In the wake of Risorgimento (Italian Unification), the aristocratic nobility was threatened with the possible decline of their feudal power. They had to contemplate a future where their power was ripped off and passed on to the commoners who have now acquired wealth and power almost equal to them. The change is inevitable yet is it easy to face it? Could the proud nobles mix themselves with the commoners thus depriving them of their elite status or was this necessary to preserve their wealth, their power, and authority in albeit an altered way? These are the questions Lampedusa tries to address in his semi-autobiographic work – The Leopard.
Don Fabrizio, the Prince of Salina whose power and authority are threatened comprehends that if they are to survive they must move with the flow. His dictum is “everything must change so that everything must stay the same”. However unwelcome and irksome the change is, it is necessary, and this the Prince understands. Yet it is not easy to suppress the years of noble pride, to reduce them to the equal status of the newly rich and powerful commoners. Don Fabriozi struggles to reconcile himself with these new realities a little consciously but more unconsciously. However, he doesn’t waver from his dictum and consents his penniless nephew Tancredi, the Prince of Falconeri, to marry the daughter of a common unsophisticated wealthy man who wealds power in the new regime. Don Fabriozi’s design is that his young and ambitious nephew should climb up the social and political ladder and help preserve some form of authority to the Selina family. To achieve this end, Tancredi needs money – a lot of it. Therefore this otherwise socially unthinkable and undesirable match has to be encouraged and made. But even so, though he admires the beautiful girl who would soon be his niece, he cannot help the utter loathing he feels for her commoner wealthy father. Don Fabrizio is the leopard (the official symbol of the House of Salina) – strong and powerful yet also graceful. How the proud leopard is to live equally with the “jackals and hyenas” who have usurped the leopard’s power and authority is Don Fabriozi’s dilemma. And his inner struggle to come to terms with this new predicament flows beautifully throughout the story. But Don Fabriozi’s struggle doesn’t end there. He has to fight against another more formidable change, and that is the change in himself as he slowly nears death.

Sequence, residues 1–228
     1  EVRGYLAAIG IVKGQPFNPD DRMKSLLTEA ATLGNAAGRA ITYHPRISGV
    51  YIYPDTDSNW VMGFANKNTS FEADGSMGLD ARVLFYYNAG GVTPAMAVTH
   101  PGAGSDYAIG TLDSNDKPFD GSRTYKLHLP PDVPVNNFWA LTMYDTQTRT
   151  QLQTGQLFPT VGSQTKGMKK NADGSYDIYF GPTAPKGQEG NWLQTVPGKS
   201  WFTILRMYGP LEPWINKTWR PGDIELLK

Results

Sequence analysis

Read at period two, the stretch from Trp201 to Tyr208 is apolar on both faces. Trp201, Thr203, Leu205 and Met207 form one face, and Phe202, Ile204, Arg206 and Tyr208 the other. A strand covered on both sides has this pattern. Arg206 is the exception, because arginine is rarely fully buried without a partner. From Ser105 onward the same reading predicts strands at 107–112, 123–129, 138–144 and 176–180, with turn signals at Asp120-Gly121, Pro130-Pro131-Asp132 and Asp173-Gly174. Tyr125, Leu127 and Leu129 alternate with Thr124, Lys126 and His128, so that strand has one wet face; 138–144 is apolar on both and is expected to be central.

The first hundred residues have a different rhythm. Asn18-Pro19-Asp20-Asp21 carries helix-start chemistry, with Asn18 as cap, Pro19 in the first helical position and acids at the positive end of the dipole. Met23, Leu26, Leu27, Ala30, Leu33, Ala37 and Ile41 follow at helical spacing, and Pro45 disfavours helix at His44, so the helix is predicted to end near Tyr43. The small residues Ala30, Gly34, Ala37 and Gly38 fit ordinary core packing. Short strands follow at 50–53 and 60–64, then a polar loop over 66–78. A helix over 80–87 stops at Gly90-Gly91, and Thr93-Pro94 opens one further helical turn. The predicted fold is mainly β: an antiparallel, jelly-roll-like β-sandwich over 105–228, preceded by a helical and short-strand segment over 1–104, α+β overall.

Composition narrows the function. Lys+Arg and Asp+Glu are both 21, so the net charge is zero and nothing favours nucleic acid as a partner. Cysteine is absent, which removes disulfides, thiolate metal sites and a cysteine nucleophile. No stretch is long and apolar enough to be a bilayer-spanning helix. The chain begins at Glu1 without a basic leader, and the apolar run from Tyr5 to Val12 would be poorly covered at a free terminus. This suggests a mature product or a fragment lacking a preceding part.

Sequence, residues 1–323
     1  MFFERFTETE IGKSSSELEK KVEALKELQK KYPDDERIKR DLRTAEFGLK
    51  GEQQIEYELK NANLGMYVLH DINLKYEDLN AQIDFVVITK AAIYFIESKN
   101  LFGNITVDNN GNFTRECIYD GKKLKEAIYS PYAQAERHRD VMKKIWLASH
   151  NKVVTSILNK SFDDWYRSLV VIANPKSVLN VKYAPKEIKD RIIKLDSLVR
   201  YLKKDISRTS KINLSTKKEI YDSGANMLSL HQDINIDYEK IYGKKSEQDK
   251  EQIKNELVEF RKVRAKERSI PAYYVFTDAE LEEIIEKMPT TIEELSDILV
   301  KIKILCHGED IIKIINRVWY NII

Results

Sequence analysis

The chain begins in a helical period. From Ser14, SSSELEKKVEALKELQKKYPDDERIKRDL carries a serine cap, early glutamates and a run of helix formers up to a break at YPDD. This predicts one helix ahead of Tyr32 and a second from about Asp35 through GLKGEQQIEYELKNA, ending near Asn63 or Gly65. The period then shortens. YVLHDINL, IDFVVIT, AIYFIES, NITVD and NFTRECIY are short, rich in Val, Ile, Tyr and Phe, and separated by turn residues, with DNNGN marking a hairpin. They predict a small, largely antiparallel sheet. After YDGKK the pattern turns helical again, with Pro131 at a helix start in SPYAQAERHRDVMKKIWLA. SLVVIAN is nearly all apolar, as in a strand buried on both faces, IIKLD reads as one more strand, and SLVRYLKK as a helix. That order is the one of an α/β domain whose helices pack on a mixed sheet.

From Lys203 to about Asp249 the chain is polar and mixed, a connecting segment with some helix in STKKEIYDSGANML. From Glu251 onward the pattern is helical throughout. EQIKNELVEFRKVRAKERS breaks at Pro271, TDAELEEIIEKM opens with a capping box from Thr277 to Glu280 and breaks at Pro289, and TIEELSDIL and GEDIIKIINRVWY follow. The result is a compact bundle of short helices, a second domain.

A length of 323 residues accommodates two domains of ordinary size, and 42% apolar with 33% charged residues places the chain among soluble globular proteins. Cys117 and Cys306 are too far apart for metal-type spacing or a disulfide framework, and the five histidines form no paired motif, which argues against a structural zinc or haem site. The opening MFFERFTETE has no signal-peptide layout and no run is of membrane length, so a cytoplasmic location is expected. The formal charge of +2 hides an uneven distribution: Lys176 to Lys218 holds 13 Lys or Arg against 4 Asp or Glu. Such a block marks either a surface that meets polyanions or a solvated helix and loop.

Change and how to adapt to change is the key theme of the story. Don Fabrizio accommodates the change grudgingly because it is inevitable and also because it is necessary. But the young Tancredi, also of noble blood, yields more easily and voluntarily. He has no difficulty in joining hands with the revolutionaries and taking part in the revolution. The change comes more naturally to him. Lampedusa quite intelligently draws the contrast between the attitudes of the younger and older generation of the nobility.
The Leopard brings us some memorable characters. But the unique and dominating is Don Fabrizio, the sensual, the powerful, the graceful “leopard”. Lampedusa’s poetic writing, subtle symbology, and suitable satire narrate a heartfelt story of an end of an era. I didn’t know what to expect when I began the reading. There was a lot of history behind the story that I was compelled to read up. But it was quite worth it, for the book was very rewarding.